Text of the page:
Grace Imhoff’s story is one of triumph, not tragedy. The Kogod senior has channeled her personal challenges into her work, using business to empower herself, and those around her.
Imhoff’s venture BeBrave, founded in 2017 through American University’s entrepreneurship incubator, does exactly that. The company sells sexual assault prevention wearable technology, giving women protection and power in the event of an attack. The BeBrave device, which fits inside a bracelet or a locket necklace, alerts friends and law enforcement through voice activation and a pre-set emergency word.
Last spring, BeBrave won first place, as well as the social impact track audience award, at the George Mason University Dean’s Business Competition. The annual event recognizes student-founded ventures that are making a difference in the business world — whether through social good, innovative ideas or unique products. Imhoff was awarded $6,000.
Imhoff’s road to success has not been an easy one. She was inspired to found BeBrave because of her own sexual assault experience — an incident that happened only a few years ago.
During her second semester at Kogod, Imhoff was sexually assaulted in her dormitory. Her assailant lived in the same building.
A few weeks before the end of her freshman year, Imhoff filed a formal complaint before going home to Denver. The University conducted a summer-long investigation, followed by a formal hearing and a week of deliberations, at the end of which Imhoff’s attacker was dismissed from campus.
Imhoff also received follow-ups from the school to ensure she was safe after the hearing. “Otherwise, I don’t know if I could have stayed,” she says.
After her experience, Imhoff was overwhelmed by anxiety and stress. She was confused as to why she didn’t fight back, she says.
Research into fear responses helped Imhoff learn about freeze response, sometimes known as tonic immobility. A common freeze response is verbally protesting without moving physically, which is what she experienced.
Imhoff wanted to do something that could help people — something that might help other women not end up in her situation. The seeds of an idea began to germinate in an information technology class she was taking. "I started thinking about products that could help people, and thinking about the problem I had in my life.”
The idea: a device, not unlike Life Alert, that could notify people for help through voice recognition. She envisioned it based on Bluetooth, using the same GPS and voice recognition technologies available in smartphones. It addressed the issue of freeze response by activating just through voice. She called it “BeBrave.”
She is currently working on her prototype in Kogod’s Entrepreneurship Incubator, to which she was accepted a year ago, collaborating with app developer Alaeldin Tirba, BSBA ‘18. She also collaborates with underclassmen interns through the incubator program each semester.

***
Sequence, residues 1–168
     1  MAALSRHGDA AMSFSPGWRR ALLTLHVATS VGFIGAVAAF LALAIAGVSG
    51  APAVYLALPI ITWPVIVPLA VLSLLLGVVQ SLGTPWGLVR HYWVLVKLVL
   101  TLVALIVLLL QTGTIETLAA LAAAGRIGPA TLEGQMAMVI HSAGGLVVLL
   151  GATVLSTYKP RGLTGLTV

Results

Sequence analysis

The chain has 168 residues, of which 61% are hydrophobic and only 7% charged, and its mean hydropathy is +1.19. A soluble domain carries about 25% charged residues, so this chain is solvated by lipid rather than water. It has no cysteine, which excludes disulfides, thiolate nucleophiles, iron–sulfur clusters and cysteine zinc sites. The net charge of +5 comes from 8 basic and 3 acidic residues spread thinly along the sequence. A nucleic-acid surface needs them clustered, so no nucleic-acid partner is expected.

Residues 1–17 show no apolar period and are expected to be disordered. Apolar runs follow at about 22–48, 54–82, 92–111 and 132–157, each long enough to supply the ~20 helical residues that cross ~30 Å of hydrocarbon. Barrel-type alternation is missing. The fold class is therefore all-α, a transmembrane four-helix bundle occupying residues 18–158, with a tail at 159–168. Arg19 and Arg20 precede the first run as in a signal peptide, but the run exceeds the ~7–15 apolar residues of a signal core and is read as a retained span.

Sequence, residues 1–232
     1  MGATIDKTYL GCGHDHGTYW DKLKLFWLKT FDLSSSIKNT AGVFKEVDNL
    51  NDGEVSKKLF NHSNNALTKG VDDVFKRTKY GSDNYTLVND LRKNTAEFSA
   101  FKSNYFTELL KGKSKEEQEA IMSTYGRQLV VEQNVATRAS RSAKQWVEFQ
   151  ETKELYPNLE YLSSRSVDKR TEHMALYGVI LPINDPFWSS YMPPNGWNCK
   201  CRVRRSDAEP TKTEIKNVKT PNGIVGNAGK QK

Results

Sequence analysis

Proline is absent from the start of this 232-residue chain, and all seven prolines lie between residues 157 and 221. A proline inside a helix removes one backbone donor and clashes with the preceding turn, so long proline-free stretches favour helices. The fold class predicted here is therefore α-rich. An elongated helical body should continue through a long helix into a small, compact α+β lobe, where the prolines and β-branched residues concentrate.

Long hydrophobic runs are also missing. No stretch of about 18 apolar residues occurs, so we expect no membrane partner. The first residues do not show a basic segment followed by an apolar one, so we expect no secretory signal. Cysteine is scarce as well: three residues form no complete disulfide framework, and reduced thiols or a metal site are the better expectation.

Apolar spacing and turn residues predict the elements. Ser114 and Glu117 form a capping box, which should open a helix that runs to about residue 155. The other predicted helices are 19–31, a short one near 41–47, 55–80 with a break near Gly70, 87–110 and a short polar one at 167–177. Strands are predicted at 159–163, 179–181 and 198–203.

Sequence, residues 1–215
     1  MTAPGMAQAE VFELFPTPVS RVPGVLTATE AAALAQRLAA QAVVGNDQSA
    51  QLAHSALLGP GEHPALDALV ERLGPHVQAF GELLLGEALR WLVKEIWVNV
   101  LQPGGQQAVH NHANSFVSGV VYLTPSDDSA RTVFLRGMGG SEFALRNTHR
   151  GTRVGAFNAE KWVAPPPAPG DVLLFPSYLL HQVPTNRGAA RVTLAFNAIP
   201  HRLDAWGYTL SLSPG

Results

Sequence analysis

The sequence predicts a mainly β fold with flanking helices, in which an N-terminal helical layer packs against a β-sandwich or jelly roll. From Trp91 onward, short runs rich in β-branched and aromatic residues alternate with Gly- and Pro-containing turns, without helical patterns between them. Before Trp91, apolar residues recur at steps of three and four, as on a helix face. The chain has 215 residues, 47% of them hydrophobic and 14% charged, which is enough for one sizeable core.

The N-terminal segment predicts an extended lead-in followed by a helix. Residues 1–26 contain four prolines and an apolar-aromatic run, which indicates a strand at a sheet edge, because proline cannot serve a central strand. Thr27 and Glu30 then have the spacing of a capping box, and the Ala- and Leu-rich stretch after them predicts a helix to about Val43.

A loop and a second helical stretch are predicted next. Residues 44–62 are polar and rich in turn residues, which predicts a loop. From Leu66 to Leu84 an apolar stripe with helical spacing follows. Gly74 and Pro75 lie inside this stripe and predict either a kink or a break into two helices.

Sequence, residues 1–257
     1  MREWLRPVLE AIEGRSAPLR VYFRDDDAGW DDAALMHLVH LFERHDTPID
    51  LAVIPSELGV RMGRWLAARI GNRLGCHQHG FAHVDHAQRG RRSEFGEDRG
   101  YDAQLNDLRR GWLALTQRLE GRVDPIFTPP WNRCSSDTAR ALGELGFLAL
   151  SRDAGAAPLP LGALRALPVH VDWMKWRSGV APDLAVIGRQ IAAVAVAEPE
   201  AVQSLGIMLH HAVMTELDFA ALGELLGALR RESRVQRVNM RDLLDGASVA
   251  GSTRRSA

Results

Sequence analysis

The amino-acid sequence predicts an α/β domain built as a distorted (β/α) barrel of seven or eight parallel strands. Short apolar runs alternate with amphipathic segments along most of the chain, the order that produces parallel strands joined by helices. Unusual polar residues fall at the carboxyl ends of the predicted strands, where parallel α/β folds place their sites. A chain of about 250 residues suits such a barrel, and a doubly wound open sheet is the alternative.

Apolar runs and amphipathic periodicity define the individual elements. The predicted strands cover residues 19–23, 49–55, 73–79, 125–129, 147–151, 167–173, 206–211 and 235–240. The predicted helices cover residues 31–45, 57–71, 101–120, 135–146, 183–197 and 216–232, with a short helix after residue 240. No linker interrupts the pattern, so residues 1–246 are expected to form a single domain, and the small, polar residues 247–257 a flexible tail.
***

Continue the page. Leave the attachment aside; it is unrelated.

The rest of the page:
“Hopefully we can launch the product before I graduate.”
Her ultimate goal, she said, is to be able to sell her product, tell her story, and gain the strength to help other people tell their stories.
She’s found this strength, in part, from the support she’s received at AU. Imhoff describes incubator directors Tommy White and Bill Bellows as “amazing.” She’s also found encouragement from staff in the Kogod Honor Society, as well as her academic advisors.
“I have an amazing network of people and an amazing support system, and there are so many people who don't have that,” Imhoff said. “There's a reason why I didn't leave AU after I was assaulted, and it's because there are really great humans who live and work here.”
Imhoff has also taken an active role in encouraging openness about sexual assault by hosting weekly support meetings. Some participants are survivors, others want to know how to support friends who have been assaulted, and some are young men who want to combat bystander apathy.
“I hope the word gets out about our conversations,” she said. “I find the most inspiring part of my life talking to people. With the #metoo movement, I think talking about it will help people. Hearing stories of their strength makes me stronger."
And that strength drives her to pursue BeBrave - developing the technology, developing the business, and facing down the obstacles. Imhoff admits that winning the Dean’s Business Competition at George Mason was certainly a big step forward, elevating the company’s name and providing important financial resources. “The $6,000 really gives us some capital to work with.”
In the future, Imhoff plans to attend law school, where she can channel her passion for advocacy into action. Most of all, she hopes to continue developing BeBrave, advancing a technology she hopes will help others.
“I want to help people who have been victims of assault and domestic violence. I want to be the person who helps people who don't have anyone to help them.”